Think about yourself as a child, asking your parents for permission to do something that they would normally say no to. You were far more likely to get them to say yes if you anticipated and addressed all of their concerns before they expressed them. You did not want to belittle those concerns, or make them feel dumb, because this only put them on the defensive, and lead to a conclusion that went against your wishes.
The same is true in your writing.
For example: while a persuasive paper might claim that cities need to adopt recycling programs, an argument paper on the same topic might be addressed to a particular town. The argument paper would go further, suggesting specific ways that a recycling program should be adopted and utilized in that particular area.
It is an opportunity that may be best explained by Alan Watt’s quote from the introduction to his Philosophies of Asia, “philosophy is man's expression of curiosity about everything and his attempt to make sense of the world primarily through his intellect; that is to say, his faculty for thinking.” Imagine we are building a house out of brick....
Essays are usually written for an intelligent but uninformed audience, so begin with some context: the background of the topic, the topic scope, and any essential definitions.
Finally, the introductory paragraph presents the writer’s thesis statement. Remember the thesis statement is the main idea of the entire essay and works the way a topic sentence works in a paragraph. Often another sentence or two are needed to bridge the gap between your background information or story that you used to introduce your topic. I call these “bridge sentences.”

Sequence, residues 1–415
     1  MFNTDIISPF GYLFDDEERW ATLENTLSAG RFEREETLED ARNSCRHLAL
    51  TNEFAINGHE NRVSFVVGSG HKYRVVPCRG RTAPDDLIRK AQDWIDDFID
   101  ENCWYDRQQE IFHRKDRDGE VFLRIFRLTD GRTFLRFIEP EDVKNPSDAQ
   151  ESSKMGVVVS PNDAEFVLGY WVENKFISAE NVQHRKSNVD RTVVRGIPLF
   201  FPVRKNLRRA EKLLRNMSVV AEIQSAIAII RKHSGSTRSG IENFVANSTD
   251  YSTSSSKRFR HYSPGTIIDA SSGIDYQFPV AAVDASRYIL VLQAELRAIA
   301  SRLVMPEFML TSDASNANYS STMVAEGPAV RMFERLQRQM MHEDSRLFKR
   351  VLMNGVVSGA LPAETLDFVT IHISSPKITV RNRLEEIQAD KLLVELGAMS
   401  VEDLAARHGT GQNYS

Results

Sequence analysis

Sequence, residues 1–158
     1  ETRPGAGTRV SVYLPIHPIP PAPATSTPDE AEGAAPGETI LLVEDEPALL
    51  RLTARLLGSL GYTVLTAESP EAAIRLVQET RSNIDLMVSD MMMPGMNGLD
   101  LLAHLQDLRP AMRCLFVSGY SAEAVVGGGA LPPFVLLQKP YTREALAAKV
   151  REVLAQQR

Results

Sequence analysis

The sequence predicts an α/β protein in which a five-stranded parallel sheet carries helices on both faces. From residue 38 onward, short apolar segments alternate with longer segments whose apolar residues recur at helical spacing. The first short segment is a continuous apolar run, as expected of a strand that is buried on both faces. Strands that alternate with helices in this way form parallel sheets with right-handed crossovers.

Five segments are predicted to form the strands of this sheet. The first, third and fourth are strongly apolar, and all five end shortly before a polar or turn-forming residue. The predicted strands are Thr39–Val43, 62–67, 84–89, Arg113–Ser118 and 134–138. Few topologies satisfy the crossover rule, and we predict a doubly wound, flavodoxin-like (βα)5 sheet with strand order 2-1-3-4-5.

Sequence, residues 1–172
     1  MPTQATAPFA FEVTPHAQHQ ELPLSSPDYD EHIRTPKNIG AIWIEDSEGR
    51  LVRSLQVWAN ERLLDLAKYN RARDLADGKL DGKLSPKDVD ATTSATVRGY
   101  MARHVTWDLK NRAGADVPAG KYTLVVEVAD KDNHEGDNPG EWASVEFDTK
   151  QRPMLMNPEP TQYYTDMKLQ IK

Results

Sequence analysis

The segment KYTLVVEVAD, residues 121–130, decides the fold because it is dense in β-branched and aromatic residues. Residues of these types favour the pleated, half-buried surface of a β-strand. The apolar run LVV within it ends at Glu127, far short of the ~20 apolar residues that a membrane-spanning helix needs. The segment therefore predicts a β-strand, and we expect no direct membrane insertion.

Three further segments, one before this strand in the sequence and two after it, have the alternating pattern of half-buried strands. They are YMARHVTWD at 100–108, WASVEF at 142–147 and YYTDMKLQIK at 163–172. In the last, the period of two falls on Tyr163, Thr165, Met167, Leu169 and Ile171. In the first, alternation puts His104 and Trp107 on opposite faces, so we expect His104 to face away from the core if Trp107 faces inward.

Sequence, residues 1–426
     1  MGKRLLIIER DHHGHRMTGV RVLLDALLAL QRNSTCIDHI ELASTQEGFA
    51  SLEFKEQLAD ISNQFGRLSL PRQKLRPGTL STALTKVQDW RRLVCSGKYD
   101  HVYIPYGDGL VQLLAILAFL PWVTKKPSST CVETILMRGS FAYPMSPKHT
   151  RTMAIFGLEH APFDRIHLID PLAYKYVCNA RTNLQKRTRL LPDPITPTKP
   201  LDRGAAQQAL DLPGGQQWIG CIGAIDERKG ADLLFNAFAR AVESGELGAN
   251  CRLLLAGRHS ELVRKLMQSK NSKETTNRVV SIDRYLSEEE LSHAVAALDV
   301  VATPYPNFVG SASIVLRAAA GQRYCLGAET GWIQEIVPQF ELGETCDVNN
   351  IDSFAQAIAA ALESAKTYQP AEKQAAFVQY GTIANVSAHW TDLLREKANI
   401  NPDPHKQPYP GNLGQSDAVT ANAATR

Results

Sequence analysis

Can that category be broken down even further to make the topic more manageable? I'm actually interested in the ways that the Great Depression affected the farming industry. I want to talk about the new skills and methods that farmers were forced to learn and implement, as a result of their difficult situation.
What is the Function of an Introductory Paragraph?
Get the reader’s attention
Provide necessary background information
Shape the reader’s perspective
Present the thesis statement
Introductory paragraphs are the portion of the essay that come before the thesis statement. The Thesis statement is usually the last sentence of the introductory paragraph.
The introductory paragraph should grab the reader’s attention and make him or her want to read the essay. The introductory paragraph can also provide background information that is necessary for the reader to appreciate the writer’s position. The introduction is an opportunity to shape the reader’s opinion about the writer’s main idea before the reader gets to the thesis statement. Finally, the introductory paragraph presents the writer’s thesis statement.
The introductory paragraph can also provide background information that is necessary for the reader to appreciate the writer’s position. This information can be scientific, historical, cultural, or even personal. Use this kind of introduction when you know there are things that the reader needs to know about your topic (but doesn’t’) in order to “get” your thesis statement.
Elements toward building a good persuasive essay include * establishing facts to support an argument * clarifying relevant values for your audience (perspective) * prioritizing, editing, and/or sequencing the facts and values in importance to build the argument * forming and stating conclusions * "persuading" your audience that your conclusions are based upon the agreed-upon facts and...
For example when I read the sentence that we wrote about fast-paced live of professionals that reside in the city, I remember that just that one sentence took us about fifteen minutes to finally use it on our paper.